When compared ounce for ounce, almonds are the tree nut highest in protein (6 g.), fiber (4 g.), calcium (75 mg.), vitamin E (7.4 mg.), riboflavin (0.3 mg.) And niacin (1 mg.). They are also an excellent source of magnesium (75 mg.).

Almonds are also incredibly versatile. They can be found in enrobed chocolate, chocolate bars or in a panned type of candy product. They can be used whole, sliced, or diced, in a paste, or in butter form.

“In 2014, almonds accounted for 54 percent of all chocolate with nut occasions, and a significant 31 percent of total chocolate occasions,” says Smith. “This means that almonds are a smart choice for manufacturers creating products appealing to a wide swath of consumers.” 

Their popularity comes in part from the versatility, and in part from their unique ability to carry flavor, both savory and sweet, while adding nutrition and enhancing a product’s premium position.

“Creativity and innovation are happening continuously in all areas of candy formulations. For formulators and developers, a unique almond attribute is their ability to carry flavor,” Smith adds. “New flavor profiles for almond inclusions could potentially influence new flavors in candy products themselves—flavor combinations we have not considered before.” 

But almonds, of course, are not the only versatile inclusions. Fruits are, in many ways, a significant presence in consumers’ lives and are likely to stay that way.

According to “Fresh Takes on Fruit: Culinary Trend Mapping Report,” a joint publication of CCD Innovation and market research publisher Packaged Facts, “Fruit is and will continue to be omnipresent. Fruit plays a role in every daypart from breakfast to late-night snacks. Fruits go from the produce aisles to the snack shelf and freezer case. It is transformed into beverages, condiments and baked goods of all kinds. They also appeal to all ages and demographics.”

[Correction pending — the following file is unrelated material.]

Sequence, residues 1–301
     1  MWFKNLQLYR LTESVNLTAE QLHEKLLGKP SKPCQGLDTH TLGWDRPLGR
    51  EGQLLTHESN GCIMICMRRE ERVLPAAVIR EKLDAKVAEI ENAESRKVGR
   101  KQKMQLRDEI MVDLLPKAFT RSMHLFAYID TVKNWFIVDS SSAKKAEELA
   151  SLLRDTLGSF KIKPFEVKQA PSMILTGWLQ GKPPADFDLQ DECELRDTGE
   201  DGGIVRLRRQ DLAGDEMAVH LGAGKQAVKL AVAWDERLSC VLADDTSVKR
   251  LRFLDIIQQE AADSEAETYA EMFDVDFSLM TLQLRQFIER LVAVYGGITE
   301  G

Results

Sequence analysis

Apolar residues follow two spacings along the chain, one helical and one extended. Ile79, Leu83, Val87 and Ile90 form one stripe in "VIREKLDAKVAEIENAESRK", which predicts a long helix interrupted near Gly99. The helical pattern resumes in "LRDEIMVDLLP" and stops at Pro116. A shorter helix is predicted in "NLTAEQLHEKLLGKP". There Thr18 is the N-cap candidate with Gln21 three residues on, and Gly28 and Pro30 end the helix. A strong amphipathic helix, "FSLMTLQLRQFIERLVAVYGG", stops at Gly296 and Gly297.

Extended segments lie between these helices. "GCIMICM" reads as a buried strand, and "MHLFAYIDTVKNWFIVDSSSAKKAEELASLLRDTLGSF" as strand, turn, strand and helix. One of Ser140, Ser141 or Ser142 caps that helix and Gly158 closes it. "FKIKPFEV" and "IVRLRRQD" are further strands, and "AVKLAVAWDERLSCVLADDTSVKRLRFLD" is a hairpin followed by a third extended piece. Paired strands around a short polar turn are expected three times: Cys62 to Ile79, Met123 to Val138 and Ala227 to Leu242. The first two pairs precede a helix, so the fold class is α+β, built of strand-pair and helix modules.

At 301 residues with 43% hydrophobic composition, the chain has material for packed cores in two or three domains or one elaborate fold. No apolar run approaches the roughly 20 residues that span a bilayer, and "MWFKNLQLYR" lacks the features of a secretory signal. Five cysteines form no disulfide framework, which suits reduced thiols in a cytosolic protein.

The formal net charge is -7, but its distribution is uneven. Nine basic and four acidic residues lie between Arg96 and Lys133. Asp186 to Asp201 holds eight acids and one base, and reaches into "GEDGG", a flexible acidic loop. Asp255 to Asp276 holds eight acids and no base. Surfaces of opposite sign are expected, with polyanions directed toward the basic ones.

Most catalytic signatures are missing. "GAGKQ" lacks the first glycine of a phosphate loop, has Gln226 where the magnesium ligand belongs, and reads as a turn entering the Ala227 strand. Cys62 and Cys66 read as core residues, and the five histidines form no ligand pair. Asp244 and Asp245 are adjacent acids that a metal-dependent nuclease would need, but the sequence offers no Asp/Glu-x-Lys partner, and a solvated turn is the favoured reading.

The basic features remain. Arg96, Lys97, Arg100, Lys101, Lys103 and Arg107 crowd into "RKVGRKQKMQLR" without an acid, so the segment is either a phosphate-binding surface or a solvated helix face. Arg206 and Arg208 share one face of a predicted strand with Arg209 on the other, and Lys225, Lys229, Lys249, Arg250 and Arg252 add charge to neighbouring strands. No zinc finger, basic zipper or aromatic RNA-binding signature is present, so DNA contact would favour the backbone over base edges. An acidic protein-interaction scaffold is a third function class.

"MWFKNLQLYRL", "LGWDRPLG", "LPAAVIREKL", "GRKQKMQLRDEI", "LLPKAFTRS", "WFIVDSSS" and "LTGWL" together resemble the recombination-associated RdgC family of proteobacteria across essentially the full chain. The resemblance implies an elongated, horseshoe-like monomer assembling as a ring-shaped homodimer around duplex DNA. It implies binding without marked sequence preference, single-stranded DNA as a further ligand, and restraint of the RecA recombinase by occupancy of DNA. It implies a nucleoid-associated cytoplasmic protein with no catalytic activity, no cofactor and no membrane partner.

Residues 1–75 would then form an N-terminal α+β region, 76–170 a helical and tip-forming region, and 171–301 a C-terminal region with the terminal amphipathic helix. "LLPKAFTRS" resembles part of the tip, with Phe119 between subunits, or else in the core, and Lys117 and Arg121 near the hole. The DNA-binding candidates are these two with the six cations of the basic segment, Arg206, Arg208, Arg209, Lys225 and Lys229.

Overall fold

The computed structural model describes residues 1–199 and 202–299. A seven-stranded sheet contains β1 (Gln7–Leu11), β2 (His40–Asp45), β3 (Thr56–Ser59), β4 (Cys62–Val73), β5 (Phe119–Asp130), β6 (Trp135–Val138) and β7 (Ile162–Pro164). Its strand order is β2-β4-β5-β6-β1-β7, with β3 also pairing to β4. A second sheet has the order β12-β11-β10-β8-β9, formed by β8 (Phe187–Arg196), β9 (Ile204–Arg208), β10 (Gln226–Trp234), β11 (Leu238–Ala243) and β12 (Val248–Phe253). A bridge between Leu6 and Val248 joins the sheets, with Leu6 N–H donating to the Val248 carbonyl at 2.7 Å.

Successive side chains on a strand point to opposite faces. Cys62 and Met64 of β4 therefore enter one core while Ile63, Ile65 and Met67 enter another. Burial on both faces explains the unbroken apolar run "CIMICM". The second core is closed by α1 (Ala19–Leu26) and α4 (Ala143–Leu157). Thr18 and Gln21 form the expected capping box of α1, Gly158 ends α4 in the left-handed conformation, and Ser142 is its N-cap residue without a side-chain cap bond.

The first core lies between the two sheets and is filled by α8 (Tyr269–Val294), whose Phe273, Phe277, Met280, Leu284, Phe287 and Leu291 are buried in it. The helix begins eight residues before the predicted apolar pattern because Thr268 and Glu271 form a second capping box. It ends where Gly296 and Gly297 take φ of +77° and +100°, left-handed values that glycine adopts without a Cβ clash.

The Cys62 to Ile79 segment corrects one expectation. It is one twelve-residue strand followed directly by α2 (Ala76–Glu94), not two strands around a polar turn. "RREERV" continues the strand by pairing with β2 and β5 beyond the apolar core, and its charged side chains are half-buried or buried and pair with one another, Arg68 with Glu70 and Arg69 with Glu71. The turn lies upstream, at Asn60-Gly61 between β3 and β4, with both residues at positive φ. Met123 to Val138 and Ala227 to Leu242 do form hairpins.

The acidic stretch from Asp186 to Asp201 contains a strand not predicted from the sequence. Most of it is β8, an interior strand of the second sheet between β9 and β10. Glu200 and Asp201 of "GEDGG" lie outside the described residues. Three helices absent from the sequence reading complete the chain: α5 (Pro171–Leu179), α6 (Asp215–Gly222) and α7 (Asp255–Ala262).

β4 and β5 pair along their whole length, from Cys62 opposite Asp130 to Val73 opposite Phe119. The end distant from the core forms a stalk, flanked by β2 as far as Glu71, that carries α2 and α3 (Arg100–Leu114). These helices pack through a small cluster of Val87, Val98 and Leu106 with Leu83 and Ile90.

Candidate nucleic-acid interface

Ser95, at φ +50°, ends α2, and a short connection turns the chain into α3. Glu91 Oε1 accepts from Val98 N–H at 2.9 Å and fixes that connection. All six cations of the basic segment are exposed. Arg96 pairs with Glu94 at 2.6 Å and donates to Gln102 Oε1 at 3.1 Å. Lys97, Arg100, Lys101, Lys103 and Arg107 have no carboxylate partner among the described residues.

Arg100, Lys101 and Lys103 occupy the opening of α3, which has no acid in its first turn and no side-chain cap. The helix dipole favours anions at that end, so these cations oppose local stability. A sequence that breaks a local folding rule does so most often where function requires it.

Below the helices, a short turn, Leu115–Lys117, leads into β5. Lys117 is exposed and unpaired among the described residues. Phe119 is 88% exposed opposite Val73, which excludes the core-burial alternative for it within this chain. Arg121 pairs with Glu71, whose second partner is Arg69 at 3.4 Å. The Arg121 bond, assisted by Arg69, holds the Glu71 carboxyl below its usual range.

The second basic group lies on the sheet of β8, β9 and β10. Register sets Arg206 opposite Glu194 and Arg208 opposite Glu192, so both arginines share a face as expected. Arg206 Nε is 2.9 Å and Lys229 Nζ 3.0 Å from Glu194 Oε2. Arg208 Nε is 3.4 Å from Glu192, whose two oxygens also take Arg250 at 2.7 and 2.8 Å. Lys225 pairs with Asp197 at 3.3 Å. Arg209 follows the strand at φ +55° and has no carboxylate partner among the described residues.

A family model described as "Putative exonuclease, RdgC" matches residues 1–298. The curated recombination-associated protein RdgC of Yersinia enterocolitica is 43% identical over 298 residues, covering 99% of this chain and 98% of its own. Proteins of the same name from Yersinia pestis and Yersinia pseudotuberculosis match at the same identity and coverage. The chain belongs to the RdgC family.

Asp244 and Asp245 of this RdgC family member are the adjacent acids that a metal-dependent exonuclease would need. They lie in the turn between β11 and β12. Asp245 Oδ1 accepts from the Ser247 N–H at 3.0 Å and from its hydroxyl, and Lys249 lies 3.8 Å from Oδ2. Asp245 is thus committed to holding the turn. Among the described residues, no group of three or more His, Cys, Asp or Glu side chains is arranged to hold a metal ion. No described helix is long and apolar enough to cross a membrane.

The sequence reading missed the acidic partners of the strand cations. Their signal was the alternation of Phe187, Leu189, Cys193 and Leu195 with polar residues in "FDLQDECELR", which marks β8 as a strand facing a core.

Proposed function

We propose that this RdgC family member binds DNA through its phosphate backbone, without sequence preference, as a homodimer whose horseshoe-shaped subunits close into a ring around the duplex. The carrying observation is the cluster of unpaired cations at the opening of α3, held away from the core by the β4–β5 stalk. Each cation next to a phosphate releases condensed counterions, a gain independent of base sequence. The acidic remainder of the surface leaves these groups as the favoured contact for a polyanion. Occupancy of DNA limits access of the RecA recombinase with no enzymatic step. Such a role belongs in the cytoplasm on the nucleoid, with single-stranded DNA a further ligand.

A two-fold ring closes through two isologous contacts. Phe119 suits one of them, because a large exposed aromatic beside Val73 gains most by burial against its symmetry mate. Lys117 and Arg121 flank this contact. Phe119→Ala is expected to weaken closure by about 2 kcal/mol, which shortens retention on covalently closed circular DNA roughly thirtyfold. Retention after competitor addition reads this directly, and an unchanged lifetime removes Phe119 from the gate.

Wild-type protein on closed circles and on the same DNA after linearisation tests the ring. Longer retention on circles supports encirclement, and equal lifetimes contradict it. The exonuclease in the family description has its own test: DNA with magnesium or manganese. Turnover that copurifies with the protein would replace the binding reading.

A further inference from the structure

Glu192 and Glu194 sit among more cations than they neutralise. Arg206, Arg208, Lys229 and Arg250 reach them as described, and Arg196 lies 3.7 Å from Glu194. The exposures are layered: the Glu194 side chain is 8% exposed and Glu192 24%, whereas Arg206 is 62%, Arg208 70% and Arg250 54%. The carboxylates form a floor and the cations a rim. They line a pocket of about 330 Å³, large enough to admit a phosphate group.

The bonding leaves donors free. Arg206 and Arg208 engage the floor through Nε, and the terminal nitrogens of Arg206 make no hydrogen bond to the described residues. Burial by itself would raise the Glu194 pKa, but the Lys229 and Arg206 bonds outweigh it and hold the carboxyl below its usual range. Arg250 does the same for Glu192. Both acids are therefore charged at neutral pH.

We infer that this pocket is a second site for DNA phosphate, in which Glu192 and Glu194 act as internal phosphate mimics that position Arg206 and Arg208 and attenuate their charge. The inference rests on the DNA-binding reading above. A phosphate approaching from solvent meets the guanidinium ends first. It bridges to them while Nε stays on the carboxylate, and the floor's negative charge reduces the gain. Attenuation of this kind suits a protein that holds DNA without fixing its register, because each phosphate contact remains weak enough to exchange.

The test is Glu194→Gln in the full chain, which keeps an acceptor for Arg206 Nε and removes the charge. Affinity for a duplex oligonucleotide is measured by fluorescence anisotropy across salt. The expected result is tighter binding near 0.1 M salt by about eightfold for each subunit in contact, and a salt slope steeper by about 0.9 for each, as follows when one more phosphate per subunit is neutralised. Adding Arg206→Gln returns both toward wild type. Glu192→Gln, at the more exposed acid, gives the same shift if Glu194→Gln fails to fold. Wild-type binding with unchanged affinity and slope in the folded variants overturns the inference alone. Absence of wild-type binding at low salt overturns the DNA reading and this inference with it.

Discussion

And blueberries, specifically, can be paired with many confections.

According to the U.S. Highbush Blueberry Council, these fruits are nutritionally dense, containing 14 g. of carbohydrates per 100 g. They’re low in calories, virtually fat-free, and contain no cholesterol while being a good source of fiber, vitamins, minerals, and antioxidants.

And while blueberries already co-star with dark chocolate in many types of confections, they can work well with a wide range of flavors, including spices, botanicals, floral, citrus, and herbaceous profiles. Their sweetness adds excitement to new, innovative products. They’re also synergistic with oats, amaranth, buckwheat, chia, millet, quinoa, sorghum, and can serve as the basis for vegan snacks, gluten-free products, and other special diet foods.

Their popularity is not limited to the United States. In the Middle East, they can be found in Turkish Delight. They’ve also made their way into traditional Japanese candy, wagashi, and into modernized Chinese moon cakes featuring blueberry paste.

There’s a wholesomeness to blueberries that make them both old and new, and that’s an important reputation they can capitalize on. From their association with homey wholesomeness to their healthy appeal, blueberries get all the love.